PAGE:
Ted Presley (Founder)

What Kind of Education Pays Dividends?

by Ted Presley | November 16, 2009 | Ted Presley (Founder) 0 Comments

Do you want to reach the top in your future profession? You certainly need to study hard and learn a lot. However, in the vast majority of future jobs, technical skills and knowledge of specific facts will NOT land you the position you have been dreaming about.

The October 23, 2009 edition of “Inside Higher Education” reports on a survey of more than 500 human resources professionals and business leaders. The survey focused on contemporary concerns among business leaders about recent college graduates and their abilities to enter the workforce, integrate into the corporate culture and become successful professionals. The results of the study should influence your decision about which university you choose, especially for your bachelor’s degree where your professional formation takes place – or doesn’t.

This particular study revealed that:

88 percent of the respondents think of professionalism as being related to a person rather than the position. To that end, the traits or behaviors mentioned most by the respondents as being characteristic of professional employees were “personal interaction skills, including courtesy and respect”; “the ability to communicate, which includes listening skills”; “a work ethic which includes being motivated and working on a task until it is complete”; and “appearance.”

Similarly, the traits or behaviors most associated by the respondents with “unprofessionalism” included… “poor communication skills including poor grammar”; “poor work ethic”; and “poor attitude.”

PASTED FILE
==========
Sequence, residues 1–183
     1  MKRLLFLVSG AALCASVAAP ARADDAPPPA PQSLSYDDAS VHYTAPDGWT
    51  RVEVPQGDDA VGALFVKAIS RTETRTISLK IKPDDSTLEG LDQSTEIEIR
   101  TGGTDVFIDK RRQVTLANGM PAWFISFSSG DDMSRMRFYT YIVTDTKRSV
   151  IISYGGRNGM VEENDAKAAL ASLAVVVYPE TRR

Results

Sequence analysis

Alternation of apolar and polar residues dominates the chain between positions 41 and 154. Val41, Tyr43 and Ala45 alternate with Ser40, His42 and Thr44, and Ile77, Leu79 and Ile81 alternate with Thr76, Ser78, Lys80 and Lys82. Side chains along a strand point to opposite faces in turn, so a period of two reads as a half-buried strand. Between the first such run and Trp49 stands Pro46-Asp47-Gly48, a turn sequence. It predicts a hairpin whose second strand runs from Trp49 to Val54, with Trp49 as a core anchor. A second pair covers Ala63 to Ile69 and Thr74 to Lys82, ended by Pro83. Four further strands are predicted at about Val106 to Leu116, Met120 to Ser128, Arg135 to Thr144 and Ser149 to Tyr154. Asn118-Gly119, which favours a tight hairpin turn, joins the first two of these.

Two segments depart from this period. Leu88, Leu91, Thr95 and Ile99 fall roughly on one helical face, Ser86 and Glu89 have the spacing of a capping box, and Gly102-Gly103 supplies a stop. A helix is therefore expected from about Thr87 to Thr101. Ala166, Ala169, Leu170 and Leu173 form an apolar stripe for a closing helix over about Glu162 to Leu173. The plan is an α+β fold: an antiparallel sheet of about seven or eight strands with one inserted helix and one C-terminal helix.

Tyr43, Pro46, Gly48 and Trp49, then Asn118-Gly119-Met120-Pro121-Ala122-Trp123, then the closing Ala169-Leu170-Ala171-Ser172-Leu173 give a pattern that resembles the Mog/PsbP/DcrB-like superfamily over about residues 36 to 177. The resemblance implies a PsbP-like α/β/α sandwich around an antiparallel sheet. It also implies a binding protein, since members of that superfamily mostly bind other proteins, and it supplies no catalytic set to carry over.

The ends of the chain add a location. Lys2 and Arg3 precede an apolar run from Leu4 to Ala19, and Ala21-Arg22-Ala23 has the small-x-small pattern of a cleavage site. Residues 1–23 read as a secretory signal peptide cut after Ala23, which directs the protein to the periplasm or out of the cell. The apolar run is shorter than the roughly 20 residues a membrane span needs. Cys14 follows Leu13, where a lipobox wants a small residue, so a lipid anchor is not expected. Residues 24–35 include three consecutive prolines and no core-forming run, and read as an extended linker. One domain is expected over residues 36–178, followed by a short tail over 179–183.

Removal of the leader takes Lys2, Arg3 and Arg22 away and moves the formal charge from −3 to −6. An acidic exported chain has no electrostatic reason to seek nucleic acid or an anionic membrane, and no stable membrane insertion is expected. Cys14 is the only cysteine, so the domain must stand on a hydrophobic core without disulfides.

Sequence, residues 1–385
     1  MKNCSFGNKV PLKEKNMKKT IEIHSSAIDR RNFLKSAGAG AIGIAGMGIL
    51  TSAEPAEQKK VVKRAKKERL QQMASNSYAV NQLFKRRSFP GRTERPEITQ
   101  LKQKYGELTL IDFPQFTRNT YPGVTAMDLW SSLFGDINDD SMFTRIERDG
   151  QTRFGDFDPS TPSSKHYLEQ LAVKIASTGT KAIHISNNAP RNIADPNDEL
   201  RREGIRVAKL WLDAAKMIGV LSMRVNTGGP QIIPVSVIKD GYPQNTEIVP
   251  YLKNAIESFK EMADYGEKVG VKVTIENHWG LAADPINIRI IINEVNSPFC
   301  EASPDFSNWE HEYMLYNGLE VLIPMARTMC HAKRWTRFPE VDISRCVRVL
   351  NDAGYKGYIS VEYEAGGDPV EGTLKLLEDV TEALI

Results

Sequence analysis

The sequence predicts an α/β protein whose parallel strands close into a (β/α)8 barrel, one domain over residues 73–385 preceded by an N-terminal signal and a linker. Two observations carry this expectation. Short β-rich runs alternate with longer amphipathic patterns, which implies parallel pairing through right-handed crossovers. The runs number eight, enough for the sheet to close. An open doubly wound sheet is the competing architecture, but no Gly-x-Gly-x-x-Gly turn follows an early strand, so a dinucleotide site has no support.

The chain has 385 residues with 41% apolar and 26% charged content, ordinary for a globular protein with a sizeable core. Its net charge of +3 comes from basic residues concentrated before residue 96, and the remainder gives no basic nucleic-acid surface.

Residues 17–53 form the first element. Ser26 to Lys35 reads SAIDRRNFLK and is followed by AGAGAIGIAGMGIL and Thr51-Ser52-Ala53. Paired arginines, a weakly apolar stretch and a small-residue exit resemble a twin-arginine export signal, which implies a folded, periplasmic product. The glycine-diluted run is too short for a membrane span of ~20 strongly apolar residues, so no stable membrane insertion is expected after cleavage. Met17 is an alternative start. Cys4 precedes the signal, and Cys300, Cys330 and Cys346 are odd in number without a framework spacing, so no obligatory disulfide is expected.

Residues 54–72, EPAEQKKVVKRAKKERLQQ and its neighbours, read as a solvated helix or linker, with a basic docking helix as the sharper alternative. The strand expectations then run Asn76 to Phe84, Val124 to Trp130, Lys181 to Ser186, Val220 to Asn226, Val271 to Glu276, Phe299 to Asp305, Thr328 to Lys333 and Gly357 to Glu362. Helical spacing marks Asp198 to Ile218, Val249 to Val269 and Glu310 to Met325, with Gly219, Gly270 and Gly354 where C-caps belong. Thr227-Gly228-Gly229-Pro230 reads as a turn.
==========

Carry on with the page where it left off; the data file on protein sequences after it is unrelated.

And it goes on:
Among the traits or behaviors employers value most, and that they believe are most deficient in the recent graduates they have hired, include “accepts personal responsibility for decision and actions,” “is able to act independently,” and “has a clear sense of direction and purpose.” The study notes that colleges need to put a particular focus on imparting these traits to their students.

Clearly, the study mentioned above, reveals the “gap between employer expectations and student realities.” Your choice of university is one of the most important choices you will make and should be considered carefully. Will you have small classes in which you can relate to your professors as a mentor? Will the university help “shape you” into the kind of professional corporations are seeking?

At a private Christian university, the model for teaching students includes the development of character, integrity as well as intellect. These are critical elements of “professionalism.” At these universities, professionalism and advisor/student mentoring happen in so many different contexts that the development of these qualities becomes pervasive.

All too often, young people come to us with the idea that in order to be successful, they only need to store up a lot of factual information in their brains or they only need to graduate from a famous university. Don’t fall for it. Consider such studies as the one cited above. Make decisions that are well informed by factual studies.

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